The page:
Without prior training, the CV system cannot “know” what various objects look like. Therefore, thousands (even millions) of images are presented to the system so it can gradually learn the difference between, say, an airplane, and a toothbrush. When using CV in specific knowledge domains, say, ophthalmology to diagnose pathologies of the retina, the system is trained by submitting images that contain both healthy, diseased and damaged images of retinas.
As pixel values are analyzed, CV uses filters and neural network computing to estimate what the image contains. Each estimate is fed back through the layers of the neural network several times, with each pass refining the forecast. With enough processing, the system will eventually reach a likely conclusion on what the image contains. The system presents its judgment in the form of a probability, a percentage. For example, it may determine the model includes a damaged retina with, say, 91 percent certainty.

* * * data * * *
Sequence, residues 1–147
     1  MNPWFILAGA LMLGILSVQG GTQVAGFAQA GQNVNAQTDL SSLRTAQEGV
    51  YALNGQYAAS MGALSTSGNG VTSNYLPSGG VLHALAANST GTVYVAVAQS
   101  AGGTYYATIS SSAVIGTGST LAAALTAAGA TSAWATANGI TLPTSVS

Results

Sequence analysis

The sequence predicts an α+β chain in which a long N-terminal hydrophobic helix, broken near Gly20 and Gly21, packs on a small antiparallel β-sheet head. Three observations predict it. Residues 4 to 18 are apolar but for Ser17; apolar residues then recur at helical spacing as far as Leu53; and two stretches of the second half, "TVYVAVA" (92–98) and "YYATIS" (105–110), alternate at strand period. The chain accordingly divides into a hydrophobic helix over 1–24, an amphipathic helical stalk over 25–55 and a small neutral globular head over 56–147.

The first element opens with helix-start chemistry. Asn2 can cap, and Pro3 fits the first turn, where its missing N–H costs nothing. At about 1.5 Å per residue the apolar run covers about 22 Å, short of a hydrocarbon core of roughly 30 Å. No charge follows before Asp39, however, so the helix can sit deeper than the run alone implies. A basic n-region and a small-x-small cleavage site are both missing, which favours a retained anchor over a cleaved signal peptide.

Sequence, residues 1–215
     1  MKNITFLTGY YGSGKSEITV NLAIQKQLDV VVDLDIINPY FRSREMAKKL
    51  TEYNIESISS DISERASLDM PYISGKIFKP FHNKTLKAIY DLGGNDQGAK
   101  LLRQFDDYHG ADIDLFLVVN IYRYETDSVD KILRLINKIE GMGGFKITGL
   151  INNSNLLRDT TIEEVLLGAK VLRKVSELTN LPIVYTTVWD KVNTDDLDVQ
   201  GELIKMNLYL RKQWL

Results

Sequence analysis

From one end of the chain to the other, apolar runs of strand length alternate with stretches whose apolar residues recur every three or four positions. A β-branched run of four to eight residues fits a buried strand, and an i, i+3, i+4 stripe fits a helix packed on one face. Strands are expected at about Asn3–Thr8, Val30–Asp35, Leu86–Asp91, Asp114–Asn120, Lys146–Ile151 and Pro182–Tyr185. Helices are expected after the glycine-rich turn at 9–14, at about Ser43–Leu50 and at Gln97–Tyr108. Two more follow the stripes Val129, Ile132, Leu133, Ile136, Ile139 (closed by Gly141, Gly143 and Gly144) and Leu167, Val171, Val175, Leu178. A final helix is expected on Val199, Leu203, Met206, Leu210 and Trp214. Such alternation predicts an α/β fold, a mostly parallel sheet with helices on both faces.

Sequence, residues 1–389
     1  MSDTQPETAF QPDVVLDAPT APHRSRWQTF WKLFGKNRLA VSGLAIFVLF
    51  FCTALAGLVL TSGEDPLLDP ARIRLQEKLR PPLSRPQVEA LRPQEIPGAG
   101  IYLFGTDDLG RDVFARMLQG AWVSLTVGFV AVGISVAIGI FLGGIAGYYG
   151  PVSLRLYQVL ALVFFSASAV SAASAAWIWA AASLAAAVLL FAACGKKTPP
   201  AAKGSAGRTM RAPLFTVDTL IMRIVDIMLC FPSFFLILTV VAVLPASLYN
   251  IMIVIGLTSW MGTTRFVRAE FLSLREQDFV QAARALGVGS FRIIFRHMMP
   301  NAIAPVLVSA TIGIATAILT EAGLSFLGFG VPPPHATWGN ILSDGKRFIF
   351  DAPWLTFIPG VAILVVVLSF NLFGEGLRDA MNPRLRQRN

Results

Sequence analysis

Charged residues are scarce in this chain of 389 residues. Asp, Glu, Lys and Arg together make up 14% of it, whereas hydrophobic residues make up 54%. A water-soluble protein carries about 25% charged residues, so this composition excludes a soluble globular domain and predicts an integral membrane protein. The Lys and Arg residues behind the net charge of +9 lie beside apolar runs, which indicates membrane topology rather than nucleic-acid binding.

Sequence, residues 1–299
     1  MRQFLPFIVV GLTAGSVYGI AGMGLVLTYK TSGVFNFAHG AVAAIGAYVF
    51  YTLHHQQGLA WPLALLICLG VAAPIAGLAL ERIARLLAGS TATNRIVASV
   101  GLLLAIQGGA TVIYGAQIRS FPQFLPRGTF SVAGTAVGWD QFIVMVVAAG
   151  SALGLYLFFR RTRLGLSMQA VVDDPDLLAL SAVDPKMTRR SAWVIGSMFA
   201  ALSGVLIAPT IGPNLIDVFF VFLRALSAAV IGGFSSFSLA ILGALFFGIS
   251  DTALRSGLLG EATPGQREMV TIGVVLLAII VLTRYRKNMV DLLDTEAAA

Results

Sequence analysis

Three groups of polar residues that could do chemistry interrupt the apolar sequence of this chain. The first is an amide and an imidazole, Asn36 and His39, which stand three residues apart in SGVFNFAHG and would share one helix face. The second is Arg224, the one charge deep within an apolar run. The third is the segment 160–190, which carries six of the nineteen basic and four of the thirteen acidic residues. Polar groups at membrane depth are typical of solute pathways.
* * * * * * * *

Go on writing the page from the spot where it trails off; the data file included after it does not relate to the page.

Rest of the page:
CV plays a more significant role in our daily lives than most people realize. Here are just a few examples from a sampling of domains.
Large enterprises taking part in a digital transformation over the past several years have recognized that a good deal of corporate data is stored in binary form — largely in photographic images and video files. Even those companies that have mastered the challenges of capturing unstructured big data find that binary data requires a different approach. CV is the solution to that latest conundrum.
Retailers like eBay have launched a CV tool that confirms “a picture is worth a thousand words.” Rather than searching for items on eBay using textual descriptions and guessing at the keywords that will find the desired product, customers can now submit a picture of a physical object — say a clothing item, a football, or a lawnmower — which triggers the CV app to find similar and matching pieces. Web-savvy customers can also find the URL of an object on any website, then submit it to eBay to search its inventory of more than one billion items.